December 1st came on a Sunday, and Rev. Maly’s sermon topic was “Silent Christmas”. I have to wonder where he went with that title, knowing how much of our favorite Christian music involves Christmas. It might have referenced conditions in the war-ravaged parts of Europe and China and Northern Africa, all of which were home to fellow Christians trapped by the war being fought around them, often with intentional “collateral damage”. We can only guess at his sermon topic. We have some members who could have heard that sermon seventy-five years ago as children. But they probably weren’t paying attention or perhaps they were in Junior Church which had just been started under the direction of Mrs. Dan Harris.
Friday, Dec. 6th, the Althea Class held their monthly meeting at the home of Mrs. James Lewis of Morris Ave with Miss Zeila Garrett as co-hostess. Then, on Monday evening, at the church, the December Quarterly meeting of the Women’ Society was held. Mrs. Ross Williams presided over the business session and Mrs. Margaret Krehl had charge of the devotional service. She introduced Mrs. Carl Mieding who reviewed a book, “The Three Sisters” by Cornalit Spenser. This was followed by Chinese songs delightfully sung by Miss Beatrice Bullen accompanied by Miss Bernice Price on the piano.
The following Wednesday, the 11th, the Friendly Class had their monthly dinner meeting at the church. This was their Christmas Party also. The Friendly Class was probably the largest class of our church Sunday School. It was mostly composed of couples. Members were asked to bring their own table service, and bread and butter. There was a ten cent gift exchange for both men and women. [Sometimes, these little bits of seemingly uninteresting trivia just astound our 21st century brains. Just try to imagine a ten cent gift exchange! Whenever you younger folks become impatient with those of us who are youthfully challenged, particularly with understanding the costs of some things, just try to remember where we came from. The world was very different seventy-five years ago.]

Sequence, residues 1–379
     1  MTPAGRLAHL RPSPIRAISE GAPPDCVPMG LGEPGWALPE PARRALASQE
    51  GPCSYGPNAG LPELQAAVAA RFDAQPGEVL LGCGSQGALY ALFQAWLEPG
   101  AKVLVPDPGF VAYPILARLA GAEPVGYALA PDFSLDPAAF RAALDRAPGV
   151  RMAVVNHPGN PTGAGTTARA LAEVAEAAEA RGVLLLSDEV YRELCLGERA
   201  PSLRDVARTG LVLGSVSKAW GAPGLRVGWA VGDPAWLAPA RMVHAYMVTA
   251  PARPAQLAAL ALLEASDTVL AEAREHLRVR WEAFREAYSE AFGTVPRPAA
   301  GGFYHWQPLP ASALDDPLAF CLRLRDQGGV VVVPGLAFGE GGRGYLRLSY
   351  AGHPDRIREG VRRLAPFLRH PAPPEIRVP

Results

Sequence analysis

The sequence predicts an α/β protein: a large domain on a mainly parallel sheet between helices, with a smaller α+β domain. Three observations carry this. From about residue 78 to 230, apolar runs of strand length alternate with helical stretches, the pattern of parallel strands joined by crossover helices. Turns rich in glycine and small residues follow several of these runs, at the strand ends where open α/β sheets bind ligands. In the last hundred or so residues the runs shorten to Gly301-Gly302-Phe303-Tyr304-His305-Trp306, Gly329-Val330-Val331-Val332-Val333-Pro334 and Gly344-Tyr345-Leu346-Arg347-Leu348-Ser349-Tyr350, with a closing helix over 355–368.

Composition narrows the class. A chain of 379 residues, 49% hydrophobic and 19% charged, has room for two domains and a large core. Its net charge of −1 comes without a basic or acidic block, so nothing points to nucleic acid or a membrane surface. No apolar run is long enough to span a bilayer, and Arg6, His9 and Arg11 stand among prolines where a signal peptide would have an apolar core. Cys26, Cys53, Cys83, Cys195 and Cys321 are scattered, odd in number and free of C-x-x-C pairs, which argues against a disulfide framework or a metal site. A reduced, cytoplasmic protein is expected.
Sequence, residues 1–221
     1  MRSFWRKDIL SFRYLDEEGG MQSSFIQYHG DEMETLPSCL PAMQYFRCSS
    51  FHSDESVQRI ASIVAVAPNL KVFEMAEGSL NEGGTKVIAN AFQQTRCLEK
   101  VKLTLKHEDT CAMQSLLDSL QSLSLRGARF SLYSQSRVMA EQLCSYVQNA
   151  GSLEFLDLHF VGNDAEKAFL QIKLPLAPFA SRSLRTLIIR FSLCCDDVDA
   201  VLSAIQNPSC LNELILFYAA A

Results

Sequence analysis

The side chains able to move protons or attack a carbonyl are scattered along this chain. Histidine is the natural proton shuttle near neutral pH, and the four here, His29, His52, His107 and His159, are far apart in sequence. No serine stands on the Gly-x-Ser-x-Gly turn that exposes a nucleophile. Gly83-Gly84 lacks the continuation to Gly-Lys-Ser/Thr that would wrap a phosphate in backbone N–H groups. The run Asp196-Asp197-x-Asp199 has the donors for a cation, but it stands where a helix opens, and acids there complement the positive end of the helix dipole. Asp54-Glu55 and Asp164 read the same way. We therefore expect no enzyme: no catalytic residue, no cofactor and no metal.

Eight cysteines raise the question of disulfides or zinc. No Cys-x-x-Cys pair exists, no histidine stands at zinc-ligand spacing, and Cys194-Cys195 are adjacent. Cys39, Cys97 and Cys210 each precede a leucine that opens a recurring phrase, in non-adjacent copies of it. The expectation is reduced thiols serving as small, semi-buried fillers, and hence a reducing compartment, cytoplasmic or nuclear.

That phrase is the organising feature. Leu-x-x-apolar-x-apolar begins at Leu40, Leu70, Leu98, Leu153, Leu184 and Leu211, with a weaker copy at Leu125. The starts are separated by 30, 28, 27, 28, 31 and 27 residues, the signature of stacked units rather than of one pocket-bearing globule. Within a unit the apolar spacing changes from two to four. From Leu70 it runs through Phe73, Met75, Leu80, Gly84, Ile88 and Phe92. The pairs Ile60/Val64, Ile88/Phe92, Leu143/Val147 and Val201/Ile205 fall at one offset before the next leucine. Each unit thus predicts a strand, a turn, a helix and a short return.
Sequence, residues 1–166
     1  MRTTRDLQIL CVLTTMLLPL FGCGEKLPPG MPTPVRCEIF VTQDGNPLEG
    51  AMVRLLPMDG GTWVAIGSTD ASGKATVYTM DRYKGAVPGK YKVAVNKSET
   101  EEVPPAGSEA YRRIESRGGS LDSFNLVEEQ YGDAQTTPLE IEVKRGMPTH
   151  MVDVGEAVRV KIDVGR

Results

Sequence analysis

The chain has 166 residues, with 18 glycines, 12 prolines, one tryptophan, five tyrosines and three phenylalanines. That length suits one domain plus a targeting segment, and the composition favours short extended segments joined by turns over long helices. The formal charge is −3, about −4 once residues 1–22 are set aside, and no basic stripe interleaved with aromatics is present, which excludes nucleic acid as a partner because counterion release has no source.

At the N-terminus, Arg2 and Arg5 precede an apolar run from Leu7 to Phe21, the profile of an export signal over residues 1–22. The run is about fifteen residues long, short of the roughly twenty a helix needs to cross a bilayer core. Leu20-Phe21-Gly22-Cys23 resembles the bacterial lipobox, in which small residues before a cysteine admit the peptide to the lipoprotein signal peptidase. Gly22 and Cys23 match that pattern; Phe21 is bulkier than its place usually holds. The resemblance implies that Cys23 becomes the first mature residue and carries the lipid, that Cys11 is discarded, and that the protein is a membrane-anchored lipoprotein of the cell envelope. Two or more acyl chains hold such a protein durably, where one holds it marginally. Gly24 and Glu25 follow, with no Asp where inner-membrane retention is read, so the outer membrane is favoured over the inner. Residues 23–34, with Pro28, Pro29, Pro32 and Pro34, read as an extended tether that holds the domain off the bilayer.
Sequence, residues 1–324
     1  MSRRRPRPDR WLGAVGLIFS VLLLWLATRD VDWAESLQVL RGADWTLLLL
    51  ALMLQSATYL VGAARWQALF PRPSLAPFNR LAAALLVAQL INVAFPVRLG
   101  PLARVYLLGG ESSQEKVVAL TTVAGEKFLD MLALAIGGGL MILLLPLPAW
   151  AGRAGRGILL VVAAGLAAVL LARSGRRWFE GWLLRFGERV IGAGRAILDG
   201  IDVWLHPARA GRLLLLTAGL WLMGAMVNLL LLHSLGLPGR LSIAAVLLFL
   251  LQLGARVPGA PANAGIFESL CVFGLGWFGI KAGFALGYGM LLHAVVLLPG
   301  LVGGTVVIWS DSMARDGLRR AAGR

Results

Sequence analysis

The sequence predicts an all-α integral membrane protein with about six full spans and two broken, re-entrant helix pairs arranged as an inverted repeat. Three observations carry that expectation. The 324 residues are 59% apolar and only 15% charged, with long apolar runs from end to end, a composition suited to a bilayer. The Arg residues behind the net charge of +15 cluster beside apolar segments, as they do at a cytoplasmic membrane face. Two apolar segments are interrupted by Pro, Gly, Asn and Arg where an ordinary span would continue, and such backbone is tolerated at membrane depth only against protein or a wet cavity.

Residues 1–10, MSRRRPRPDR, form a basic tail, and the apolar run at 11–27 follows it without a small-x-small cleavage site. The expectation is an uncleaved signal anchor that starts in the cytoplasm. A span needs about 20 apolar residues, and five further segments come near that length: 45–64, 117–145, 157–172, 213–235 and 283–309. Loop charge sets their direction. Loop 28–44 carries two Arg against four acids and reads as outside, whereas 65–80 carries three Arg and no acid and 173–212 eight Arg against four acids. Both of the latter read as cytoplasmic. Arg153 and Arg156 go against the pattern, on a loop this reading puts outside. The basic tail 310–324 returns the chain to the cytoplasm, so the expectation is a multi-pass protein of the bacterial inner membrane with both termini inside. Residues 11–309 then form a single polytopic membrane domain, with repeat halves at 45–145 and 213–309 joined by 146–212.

But, in many ways, it was very much like our world. We Methodists always like to eat together. Saturday, December 14th was the annual Turkey Dinner, served in Fellowship Hall by the Ladies’ Aid. They also took orders for aprons that day, which was a money maker for them.
On Monday, the 16th, the Philathea Class met at the home of Miss Mary Elizabeth Evans on E. Kline St. Miss Ida Belle Hood presided over the business meeting and also had charge of the Bible Study period. They made plans to pack Christmas baskets for the needy.
On Friday evening at 7 PM, Dec. 20th, our Sunday School held its annual Christmas party. One hundred eighty children attended. The program included songs, recitations, and two playlets – “Santa Claus’s Necktie” and “The Little Gray Lamb”. Santa Claus also visited with a small present for each child.
The Sunday before Christmas, Rev. Maly’s sermon title was “No Room for Christ”. Our church celebrated Christmas week with two extra, special services. The first was the Sunday evening service which consisted of a program of scripture reading and song by the choir followed by a Communion Service. The second special service occurred on Tuesday, Christmas Eve, at 11:30 PM, a service of carols and lights. The Girls’ Choir directed by Miss Elizabeth Frack led the singing of carols. Rev. Maly gave a brief message on ”The Privilege of Participation”. For an hour preceding the service, a program of Christmas Carols was broadcast from the church tower. This is the first reference I have found for our usual Candlelight Service on Christmas Eve. In the preceding year, the youth group had conducted one on their Sunday evening meeting before Christmas with the public invited. But, this is the first Church-wide Candlelight Service I have found - December 24th, 1940. It was a time when our church family – as all American families – was anxious about the future and in need of a service of carols, and light, and hope.
After Christmas, of course, comes New Year’s Eve. The News had ads for various places of entertainment. The Blue Crystal Nite Club on South State St. offered dance music to the music of Don Ricard’s orchestra, with five floor shows, one every hour, beginning at 9:30. There was a $1 cover charge. The Blue Crystal is, of course, no longer. But the Mahoning Country Club is still around, albeit under different management. It offered the music of Chet Hagen and his orchestra, along with “great food, finest liquors, favors and noise-makers”, all for $3 per couple, and that included breakfast. Another place, right in downtown Girard, still in business and still run by the same Acerra family: The Royal Gardens offered “floor show, music, dancing, good drinks, good food, noise makers and favors” with a $1 cover charge.
That was the last day and evening of the year 1940 – seventy-five years ago in our church, in our town, and in our country.